Effect of water to cement ratio, fly ash, and slag on the electromagnetic shielding effectiveness of mortar
Construction and Building Materials
School of Engineering
Electromagnetic (EM) shielding has become an important aspect in the modern world as the increased usage of electronic devices has a profound effect on the risk of EM pollution within the atmosphere and the harmful effects of EM on humans. In the recent decade, there has been an increased number of research focusing on using cementitious materials to be used as EM shielding materials. Many of these researches have focused on the addition of various additives into the cementitious mix to increase the EM shielding properties. This work investigates the effect of water to cement (W/C) ratio and primary additives such as fly ash (FA) and ground-granulated blast-furnace slag (GGBFS) on the EM shielding. Wide range of properties including mechanical, electrical conductivity, EM shielding, and microstructural properties were analysed to identify the ideal W/C ratio, FA, and GGBFS content that would result in higher shielding with adequate mechanical properties. Electromagnetic shielding tests were carried out in accordance with ASTM D4935 – 18 standards within 30 MHz to 1.5 GHz frequency range. Test results show that the ideal W/C ratio in cementitious composites for an optimal EM shielding amount of 1.89 dB, should be 0.3. For the mixes with additives, maximum EM shielding amounts of 3.38 dB and 5.06 dB were obtained at a frequency of 1.5 GHz, when the FA content was 1.8 with a W/C ratio of 0.4 and GGBFS content of 1.2 with a W/C ratio of 0.4, respectively.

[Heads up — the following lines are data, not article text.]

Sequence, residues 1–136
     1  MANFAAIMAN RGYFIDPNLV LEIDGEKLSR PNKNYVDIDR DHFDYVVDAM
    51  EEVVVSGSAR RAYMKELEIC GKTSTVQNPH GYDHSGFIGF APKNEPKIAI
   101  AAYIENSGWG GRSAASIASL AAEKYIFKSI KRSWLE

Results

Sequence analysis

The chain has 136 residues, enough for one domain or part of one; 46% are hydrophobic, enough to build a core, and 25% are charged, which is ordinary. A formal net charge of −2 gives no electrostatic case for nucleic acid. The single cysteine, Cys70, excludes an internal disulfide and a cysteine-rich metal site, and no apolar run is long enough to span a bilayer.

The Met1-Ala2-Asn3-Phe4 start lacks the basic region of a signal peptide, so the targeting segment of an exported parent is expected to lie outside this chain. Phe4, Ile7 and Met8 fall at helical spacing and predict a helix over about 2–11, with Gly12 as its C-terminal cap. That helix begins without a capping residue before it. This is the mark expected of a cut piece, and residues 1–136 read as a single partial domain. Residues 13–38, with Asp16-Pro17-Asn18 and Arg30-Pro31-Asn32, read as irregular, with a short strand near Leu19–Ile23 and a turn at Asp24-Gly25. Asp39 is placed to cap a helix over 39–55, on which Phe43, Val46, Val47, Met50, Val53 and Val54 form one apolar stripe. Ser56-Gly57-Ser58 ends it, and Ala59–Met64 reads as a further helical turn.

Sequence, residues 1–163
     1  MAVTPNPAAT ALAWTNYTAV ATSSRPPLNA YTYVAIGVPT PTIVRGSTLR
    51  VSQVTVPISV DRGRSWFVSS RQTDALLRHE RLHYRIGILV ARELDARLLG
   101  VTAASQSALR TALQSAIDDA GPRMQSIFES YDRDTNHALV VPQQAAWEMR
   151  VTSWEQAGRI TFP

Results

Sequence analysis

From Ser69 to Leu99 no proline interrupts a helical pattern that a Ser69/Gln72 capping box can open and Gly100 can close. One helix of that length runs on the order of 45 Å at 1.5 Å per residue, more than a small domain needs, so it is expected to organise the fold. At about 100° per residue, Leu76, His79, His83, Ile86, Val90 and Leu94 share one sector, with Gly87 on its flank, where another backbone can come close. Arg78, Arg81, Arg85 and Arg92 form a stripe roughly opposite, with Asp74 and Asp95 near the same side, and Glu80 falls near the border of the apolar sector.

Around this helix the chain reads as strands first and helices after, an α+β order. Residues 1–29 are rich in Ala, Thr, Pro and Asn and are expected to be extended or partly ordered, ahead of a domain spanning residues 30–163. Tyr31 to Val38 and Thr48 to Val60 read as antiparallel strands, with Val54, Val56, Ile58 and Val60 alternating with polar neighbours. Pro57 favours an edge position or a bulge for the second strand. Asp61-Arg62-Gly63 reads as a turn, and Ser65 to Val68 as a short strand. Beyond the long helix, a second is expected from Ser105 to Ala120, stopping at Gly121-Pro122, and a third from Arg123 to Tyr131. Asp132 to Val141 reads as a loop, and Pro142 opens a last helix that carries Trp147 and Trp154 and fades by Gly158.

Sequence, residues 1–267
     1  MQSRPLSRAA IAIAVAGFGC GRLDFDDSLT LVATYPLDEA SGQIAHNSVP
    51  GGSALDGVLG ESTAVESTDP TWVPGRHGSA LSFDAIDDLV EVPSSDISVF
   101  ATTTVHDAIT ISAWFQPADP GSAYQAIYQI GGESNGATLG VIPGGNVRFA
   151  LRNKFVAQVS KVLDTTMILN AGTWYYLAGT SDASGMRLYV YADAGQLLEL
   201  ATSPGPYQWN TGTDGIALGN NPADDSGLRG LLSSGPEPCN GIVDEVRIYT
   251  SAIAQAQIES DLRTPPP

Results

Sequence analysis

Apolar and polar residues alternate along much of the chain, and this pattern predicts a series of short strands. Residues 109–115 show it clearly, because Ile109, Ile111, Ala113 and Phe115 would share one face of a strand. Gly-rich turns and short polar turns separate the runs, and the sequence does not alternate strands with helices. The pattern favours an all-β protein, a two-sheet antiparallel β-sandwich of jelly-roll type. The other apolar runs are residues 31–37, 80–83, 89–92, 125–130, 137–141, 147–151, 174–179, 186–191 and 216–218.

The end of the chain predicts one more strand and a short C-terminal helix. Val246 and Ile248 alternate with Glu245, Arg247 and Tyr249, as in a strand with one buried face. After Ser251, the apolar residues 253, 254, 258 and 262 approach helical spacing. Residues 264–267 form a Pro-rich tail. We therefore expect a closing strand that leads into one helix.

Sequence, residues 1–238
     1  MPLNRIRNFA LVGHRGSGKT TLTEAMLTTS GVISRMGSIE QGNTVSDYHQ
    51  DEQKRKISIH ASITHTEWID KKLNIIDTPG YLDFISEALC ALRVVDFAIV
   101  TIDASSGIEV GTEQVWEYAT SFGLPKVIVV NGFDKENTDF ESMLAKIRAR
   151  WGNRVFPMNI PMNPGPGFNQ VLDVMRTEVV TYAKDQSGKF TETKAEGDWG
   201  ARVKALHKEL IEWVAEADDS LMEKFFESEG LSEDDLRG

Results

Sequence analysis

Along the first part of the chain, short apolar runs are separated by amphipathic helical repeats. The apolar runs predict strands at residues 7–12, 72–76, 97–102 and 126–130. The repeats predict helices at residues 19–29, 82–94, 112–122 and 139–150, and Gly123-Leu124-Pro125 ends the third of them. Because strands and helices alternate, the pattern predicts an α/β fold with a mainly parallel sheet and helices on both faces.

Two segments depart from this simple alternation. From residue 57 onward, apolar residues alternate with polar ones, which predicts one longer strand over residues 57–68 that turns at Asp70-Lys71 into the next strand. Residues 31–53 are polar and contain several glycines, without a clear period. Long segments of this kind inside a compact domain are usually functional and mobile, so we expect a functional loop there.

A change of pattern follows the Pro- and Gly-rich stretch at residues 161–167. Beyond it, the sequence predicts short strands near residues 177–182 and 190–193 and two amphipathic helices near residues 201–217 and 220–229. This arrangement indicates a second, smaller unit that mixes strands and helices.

Natural and Built Environments
Engineering, technology and nanotechnology